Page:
Follow the Sheep |  SHEEP RANCH

Follow the Sheep | SHEEP RANCH

Starting today, June 1st 2020, a new top-notch course where these shaggy creatures once grazed is now open.

    One of the many pleasures of a trip to Bandon Dunes, the wildly popular golf resort in southern Oregon, is to gather with your partners in the pub after your rounds and argue over which course is the best. The resort is home to four 18-hole layouts—Bandon Dunes, Pacific Dunes, Bandon Trails and Old Macdonald—all of which are among Golf magazine’s “Top 100 Courses in the United

     Ask a dozen golfers to rate the quartet, and they’re apt to give you a dozen different rankings. Everyone has an opinion, and no one is wrong. Friendly debates are just part of the fun. And they’re about to get even more entertaining, because a fifth course at Bandon is in the works. It’s called the Sheep Ranch, and according to Golf, it might just be the finest of them all. 

     Never mind the name; the Sheep Ranch, which will start welcoming guests on June 1, is not a ranch. Never has been. At one point, though, it was grazing ground for sheep.

     That was in the early aughts, when a rough-and-tumble layout was created on the site. To say the place was bare-bones is an understatement. It had just 13 holes, with no set routing; you could play the holes in any order that you liked. There was no irrigation system, only a fire truck for watering greens. A small flock of sheep served on the maintenance staff, chomping on the layout’s unkempt fairways.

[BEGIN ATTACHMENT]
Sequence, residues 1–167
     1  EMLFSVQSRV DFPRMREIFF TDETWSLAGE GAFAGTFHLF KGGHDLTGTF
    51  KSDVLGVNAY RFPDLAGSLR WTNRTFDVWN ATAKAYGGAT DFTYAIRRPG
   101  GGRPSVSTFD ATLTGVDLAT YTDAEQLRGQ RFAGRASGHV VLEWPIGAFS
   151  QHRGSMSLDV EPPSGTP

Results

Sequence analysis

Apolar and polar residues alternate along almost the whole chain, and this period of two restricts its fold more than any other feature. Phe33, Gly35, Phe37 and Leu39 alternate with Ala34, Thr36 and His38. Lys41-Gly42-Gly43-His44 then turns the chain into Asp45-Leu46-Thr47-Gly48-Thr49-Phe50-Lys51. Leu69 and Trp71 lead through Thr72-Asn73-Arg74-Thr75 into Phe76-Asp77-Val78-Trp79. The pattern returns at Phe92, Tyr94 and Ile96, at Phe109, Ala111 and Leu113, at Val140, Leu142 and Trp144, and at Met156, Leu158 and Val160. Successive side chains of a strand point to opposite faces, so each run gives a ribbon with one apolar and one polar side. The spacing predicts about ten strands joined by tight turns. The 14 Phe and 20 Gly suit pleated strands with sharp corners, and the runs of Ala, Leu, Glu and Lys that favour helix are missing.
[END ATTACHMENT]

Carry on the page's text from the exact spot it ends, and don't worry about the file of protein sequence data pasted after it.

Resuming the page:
It was, in short, a quirky course, with an air of mystery around it. To arrange a tee time, you called the property’s caretaker and set up a rendezvous at a dirt road, where, for a greens fee of $100, he’d unlock a gate and let you in.

     But that was then. And it’s not how things will work at the Sheep Ranch anymore. Two years ago, the property’s longtime owners—Bandon Dunes developer Mike Keiser and business partner Phil Friedmann—decided it was time to elevate the Sheep Ranch into a full-blown, world-class course. To orchestrate the project, they hired the celebrated design team of Coore & Crenshaw.

     Scrapping the original makeshift layout, Bill Coore and Ben Crenshaw  dreamed up a stunner in its place. Among the striking features of the Sheep Ranch is the way it seizes on the drama of its setting. The property includes roughly a mile of coastline, more than any of Bandon’s other courses, with nine greens located along the bluffs. Everywhere you look are ocean views, except when you turn inland. At that point, what you see are artfully shaped fairways, threading their green fingers through gorse and ghostly pines.

     Because the Sheep Ranch occupies a windy site, its design is willfully player friendly. There are no sand bunkers—only grass bunkers—and the greens are open in front, so you can bound your approach shots low, under the breezes. The routing is intimate, with holes radiating out from clustered tee boxes and a shared green for the third and 16th holes. But the grandeur of the coastline also lends the course an impressive sense of scale.

     Like most anyone who visits Bandon Dunes, Keiser is often asked to name his favorite course. His answer never varies: He’s equally in love with all of them. Now, he’ll have one more to love.

By: Josh Sens